2. E.order() : Print the number of the rational points on the curve: 31

3. E.abelian_group(): The group structure of the curve: Additive abelian group isomorphic to Z/31 embedded in Abelian group of points on Elliptic Curve defined by y^2 = x^3 + 7 over Finite Field of size 43

The last one is important since to exactly map a point $$g$$ and its multiples, they must have the same order in each group.

Actually, to map a curve to another, or a subgroup, one doesn't need the same $$G$$ to happen in both. The order is enough. We have to look for orders of the elements.

1. EllipticCurve(GF(17),[0,7])

• Elliptic Curve defined by y^2 = x^3 + 7 over Finite Field of size 17
• 18
• Additive abelian group isomorphic to Z/18 embedded in Abelian group of points on Elliptic Curve defined by y^2 = x^3 + 7 over Finite Field of size 17
2. E = EllipticCurve(GF(31),[0,7])

• Elliptic Curve defined by y^2 = x^3 + 7 over Finite Field of size 31
• 21
• Additive abelian group isomorphic to Z/21 embedded in Abelian group of points on Elliptic Curve defined by y^2 = x^3 + 7 over Finite Field of size 31
3. E = EllipticCurve(GF(43),[0,7])

• Elliptic Curve defined by y^2 = x^3 + 7 over Finite Field of size 43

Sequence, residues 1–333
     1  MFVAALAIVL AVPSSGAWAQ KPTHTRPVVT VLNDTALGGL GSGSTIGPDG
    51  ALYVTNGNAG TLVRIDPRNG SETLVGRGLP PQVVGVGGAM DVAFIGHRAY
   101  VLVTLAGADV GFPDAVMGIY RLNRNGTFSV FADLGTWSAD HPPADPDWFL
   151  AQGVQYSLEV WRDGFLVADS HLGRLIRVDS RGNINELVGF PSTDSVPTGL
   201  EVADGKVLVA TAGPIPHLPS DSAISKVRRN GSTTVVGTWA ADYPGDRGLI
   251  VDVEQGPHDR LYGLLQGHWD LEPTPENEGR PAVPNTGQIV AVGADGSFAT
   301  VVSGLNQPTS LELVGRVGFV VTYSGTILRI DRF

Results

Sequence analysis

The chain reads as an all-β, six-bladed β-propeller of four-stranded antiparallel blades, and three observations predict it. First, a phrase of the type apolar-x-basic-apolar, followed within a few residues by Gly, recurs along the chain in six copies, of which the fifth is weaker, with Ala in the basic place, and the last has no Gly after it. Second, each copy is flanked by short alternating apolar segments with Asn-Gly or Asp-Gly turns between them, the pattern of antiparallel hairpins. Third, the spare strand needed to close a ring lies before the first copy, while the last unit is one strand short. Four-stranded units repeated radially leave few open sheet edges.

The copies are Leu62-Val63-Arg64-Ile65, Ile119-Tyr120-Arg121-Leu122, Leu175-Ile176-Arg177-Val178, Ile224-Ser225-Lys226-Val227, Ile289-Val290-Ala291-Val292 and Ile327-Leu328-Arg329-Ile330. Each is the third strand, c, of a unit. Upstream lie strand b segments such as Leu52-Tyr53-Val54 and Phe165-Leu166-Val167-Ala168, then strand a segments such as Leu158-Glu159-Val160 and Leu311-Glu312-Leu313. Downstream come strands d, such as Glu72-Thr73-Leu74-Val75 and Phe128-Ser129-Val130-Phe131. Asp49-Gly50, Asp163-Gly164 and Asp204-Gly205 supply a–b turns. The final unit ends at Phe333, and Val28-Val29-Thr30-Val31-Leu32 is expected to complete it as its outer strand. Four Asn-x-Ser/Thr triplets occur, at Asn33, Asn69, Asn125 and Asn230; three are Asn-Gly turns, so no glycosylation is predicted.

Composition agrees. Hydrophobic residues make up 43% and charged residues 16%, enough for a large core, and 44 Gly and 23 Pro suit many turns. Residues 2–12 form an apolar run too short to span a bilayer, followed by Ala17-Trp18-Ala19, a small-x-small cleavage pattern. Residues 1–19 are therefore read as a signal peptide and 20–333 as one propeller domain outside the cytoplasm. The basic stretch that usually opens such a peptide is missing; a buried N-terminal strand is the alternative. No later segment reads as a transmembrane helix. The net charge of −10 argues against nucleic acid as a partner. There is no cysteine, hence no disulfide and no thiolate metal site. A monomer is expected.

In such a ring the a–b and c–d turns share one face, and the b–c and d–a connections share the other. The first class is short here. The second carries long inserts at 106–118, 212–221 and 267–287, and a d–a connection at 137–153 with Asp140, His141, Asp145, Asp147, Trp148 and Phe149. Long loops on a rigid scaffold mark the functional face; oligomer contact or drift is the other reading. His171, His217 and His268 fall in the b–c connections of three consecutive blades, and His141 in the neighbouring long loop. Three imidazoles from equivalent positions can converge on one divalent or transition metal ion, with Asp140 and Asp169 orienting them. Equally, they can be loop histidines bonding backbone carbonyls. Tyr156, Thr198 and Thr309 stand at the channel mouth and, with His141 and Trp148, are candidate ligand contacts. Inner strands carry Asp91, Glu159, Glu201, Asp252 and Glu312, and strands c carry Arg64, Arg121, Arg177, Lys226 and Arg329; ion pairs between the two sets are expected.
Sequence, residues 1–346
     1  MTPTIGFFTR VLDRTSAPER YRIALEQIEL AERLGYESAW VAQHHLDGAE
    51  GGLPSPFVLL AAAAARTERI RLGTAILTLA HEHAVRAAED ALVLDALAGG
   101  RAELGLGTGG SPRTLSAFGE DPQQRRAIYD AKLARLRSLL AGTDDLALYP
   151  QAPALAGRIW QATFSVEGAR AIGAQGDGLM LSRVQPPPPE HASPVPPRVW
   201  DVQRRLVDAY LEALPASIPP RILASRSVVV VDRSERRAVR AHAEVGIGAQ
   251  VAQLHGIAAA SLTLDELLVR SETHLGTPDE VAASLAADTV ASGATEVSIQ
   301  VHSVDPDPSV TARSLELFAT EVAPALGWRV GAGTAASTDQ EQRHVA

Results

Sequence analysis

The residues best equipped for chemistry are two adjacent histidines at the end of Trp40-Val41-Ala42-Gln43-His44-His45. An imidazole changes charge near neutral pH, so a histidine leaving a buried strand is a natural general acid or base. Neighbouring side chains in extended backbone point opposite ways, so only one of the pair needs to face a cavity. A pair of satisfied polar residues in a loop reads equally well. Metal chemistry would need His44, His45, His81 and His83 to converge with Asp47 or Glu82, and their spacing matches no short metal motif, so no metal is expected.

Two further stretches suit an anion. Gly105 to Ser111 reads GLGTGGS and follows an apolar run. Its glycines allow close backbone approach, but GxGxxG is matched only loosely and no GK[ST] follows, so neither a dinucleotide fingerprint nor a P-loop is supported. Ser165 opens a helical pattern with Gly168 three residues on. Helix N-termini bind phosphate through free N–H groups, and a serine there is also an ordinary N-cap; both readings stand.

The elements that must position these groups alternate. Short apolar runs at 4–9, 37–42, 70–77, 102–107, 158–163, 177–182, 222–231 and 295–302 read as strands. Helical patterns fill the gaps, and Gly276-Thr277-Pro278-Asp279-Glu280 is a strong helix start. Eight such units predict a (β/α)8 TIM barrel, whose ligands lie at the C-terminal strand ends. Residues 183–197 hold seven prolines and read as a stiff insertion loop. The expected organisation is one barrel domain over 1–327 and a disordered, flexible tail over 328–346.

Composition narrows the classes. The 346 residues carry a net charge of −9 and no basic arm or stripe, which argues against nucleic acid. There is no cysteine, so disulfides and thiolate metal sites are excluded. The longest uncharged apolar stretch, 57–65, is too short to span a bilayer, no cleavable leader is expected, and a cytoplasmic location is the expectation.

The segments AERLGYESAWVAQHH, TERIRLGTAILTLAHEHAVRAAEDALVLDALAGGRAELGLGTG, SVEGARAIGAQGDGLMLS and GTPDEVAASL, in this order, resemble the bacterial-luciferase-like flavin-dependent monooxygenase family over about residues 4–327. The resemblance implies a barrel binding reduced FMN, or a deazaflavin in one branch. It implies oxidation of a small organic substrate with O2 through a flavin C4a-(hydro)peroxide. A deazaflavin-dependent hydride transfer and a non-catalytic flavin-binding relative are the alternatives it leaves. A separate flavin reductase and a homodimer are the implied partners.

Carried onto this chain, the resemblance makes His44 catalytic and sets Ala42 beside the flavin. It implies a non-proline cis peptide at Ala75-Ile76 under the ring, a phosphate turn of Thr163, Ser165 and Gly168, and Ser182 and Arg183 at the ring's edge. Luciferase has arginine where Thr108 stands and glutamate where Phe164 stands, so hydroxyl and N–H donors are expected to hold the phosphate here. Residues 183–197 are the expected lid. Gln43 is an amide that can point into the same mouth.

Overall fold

• 31
• Additive abelian group isomorphic to Z/31 embedded in Abelian group of points on Elliptic Curve defined by y^2 = x^3 + 7 over Finite Field of size 43
4. E = EllipticCurve(GF(67),[0,7])

• Elliptic Curve defined by y^2 = x^3 + 7 over Finite Field of size 67
• 79
• Additive abelian group isomorphic to Z/79 embedded in Abelian group of points on Elliptic Curve defined by y^2 = x^3 + 7 over Finite Field of size 67

They are all isomorphic to $$Z/18,Z/21,Z/31,$$and $$Z/79$$, respectively.

The orders;

for i in (1..E.order()):
print(E[i], E[i].order())

• In the first curve, the orders of the elements are $$1,3,2,6,9,18$$
• In the second curve, the orders of the elements are $$1,3,7,21$$

So, we have common order of $$3$$, then we can map these elements (5,8) and $$(0,10)$$ to each other.

A sample curve that is not isomorphic Z/n

E = EllipticCurve(GF(25, 'x'), [1, 1])

• Elliptic Curve defined by y^2 = x^3 + x + 1 over Finite Field in z2 of size 5^2
• 27
• Additive abelian group isomorphic to Z/9 + Z/3 embedded in Abelian group of points on Elliptic Curve defined by y^2 = x^3 + x + 1 over Finite Field in z2 of size 5^2

Birational Equivalent is another story!

• I don't get what follows "then" in "So, we have common order of 3, then we can map these elements (5,8) and (0,10) to each other."
– fgrieu
Commented Apr 13, 2021 at 13:18
• @fgrieu these two points have order 3 in their curve group, then we can map these; $G=(5,8)$ and $H=(0,10)$ then $[2]G$ to $[2]H$ and $[3]G=\mathcal{O}$ Commented Apr 13, 2021 at 13:24
• I am very grateful for all of your support. Commented Apr 13, 2021 at 14:20
• @kelalaka Could you please show me the formula to calculate (0,10) from (5,8) ? Thank you very much for your help. Commented Apr 13, 2021 at 14:35
• Welcome @Roland. As I told in the beginning, I wrote this as a comment, and you can delete the Q if you want. The first way of thinking in the Stack Overflow community is the upvote and if you are the asker accept the answer if it satisfies you by clicking the checkmark. Commented Apr 15, 2021 at 6:34